A Gaza Diary: Falling Sick in Gaza

By Najwa Sheikh

I have been long wondered about the feelings, fears, concerns of those whose meant to fall sick in Gaza, real sick, and have denied access to treatment either because of lack of equipment in Gaza or by the arrogance and prejudice of other human beings who enjoy putting more suffering on the people of Gaza.

I have always asked myself about these people as I was sure of the huge burden that they have to bear, and the trauma they have to suffer, shattered, and lost between their own pain, and between the images, memories, they wanted to keep for their families, kids, and beloved ones.

However, I guess I have the chance to tell part of their pain now. A week ago I went to my doctor for regular pregnancy check, though the pregnancy was going well, my doctor suspected that I have a problem in my heart, therefore, he transferred me to another specialized doctor, who confirmed the diagnosis.

If I received the news in another place in the world except Gaza I would not feel that bad, but because in Gaza things can dramatically changed easily to the worst, I felt that something different had stricken my life and change my perspective to every thing. Even though I believe in God, I felt that it is not the time to fall sick; I still have more to tell to my children, I still have plans I wanted to fulfill, and still have life that I wanted to live.

When I went home, I felt that I am in a race with time, I wanted to capture every image for my kids, I wanted to recall every memory and keep it in my mind and heart, I wanted to tell them how much I love them, I wanted to tell them about the dreams that I have for them, the future plans for our life together, how I wanted them to be, I still want to feel their childish faces, and to hear their childish giggles, I wanted to share them every single minute, I don’t want to lose anything form their life.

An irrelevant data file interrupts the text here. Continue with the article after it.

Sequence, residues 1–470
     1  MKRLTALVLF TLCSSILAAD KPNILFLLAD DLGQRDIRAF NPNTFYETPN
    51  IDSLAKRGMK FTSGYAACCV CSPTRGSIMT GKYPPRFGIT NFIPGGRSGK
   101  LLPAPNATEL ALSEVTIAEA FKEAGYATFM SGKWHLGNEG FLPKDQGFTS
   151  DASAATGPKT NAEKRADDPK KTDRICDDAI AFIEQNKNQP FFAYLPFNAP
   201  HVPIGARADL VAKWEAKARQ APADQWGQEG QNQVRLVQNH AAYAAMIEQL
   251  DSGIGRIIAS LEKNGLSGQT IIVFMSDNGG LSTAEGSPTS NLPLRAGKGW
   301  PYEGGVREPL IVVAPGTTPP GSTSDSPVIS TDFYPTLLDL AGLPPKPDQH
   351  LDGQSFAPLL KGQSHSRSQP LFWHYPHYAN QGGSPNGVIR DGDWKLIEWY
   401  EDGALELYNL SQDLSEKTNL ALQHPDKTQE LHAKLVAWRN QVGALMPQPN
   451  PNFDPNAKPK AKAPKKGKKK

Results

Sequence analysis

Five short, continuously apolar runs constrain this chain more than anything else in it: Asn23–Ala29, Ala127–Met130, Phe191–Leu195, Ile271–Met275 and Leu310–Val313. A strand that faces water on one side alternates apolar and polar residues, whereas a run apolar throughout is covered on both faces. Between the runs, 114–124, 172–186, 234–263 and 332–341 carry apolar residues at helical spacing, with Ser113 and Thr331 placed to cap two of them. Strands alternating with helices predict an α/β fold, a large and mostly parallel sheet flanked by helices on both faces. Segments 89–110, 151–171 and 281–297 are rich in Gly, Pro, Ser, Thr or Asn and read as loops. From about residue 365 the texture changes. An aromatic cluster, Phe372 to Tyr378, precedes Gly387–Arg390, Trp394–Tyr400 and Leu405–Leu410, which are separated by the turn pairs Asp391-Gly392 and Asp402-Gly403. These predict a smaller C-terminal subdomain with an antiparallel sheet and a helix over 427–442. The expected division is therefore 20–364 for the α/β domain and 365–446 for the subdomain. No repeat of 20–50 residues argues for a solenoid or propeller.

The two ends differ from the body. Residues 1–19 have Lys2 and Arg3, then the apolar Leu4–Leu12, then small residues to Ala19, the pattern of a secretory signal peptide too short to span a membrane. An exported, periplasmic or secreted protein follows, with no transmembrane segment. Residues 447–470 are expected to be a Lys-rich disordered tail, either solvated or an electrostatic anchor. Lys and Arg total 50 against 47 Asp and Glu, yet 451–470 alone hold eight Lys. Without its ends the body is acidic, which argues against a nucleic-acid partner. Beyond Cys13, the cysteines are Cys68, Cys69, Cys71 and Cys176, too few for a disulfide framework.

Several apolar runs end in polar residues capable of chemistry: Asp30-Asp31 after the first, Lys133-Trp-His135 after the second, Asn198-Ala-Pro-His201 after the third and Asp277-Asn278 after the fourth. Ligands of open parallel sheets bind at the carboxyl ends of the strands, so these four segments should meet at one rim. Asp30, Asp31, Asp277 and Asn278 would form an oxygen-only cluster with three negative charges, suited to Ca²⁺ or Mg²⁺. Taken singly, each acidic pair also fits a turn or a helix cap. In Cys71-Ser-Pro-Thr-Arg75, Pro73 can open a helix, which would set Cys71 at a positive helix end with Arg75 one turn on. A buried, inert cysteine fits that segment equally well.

Oh God, how poor those people who meant to be sick are, how heavy the burden they have to endure day after day, month after month, how inhuman the way they have to live with their pain, and loss. Feelings that they can not detach themselves away from it, the feeling that they are counting their days, the attempts they are trying to hold every memory, every image of their beloved, the words that they wanted to remember so they can forward to their kids, and suddenly they discover that they don’t have the time to do so. The feelings that they have to select what to say, what words that their children will remember, what memories, good ones they will hold in remembrance of them. Will they be able to give them all the advices, dreams? Will they be able to share them all the experiences they want? I am not sure.

-Najwa Sheikh is a Palestinian refugee from al-Majdal located just north of the Gaza Strip. Shiekh has lived in refugee camps in Gaza her entire life where she is married and has three children. She contributed this article to PalestineChronicle.com

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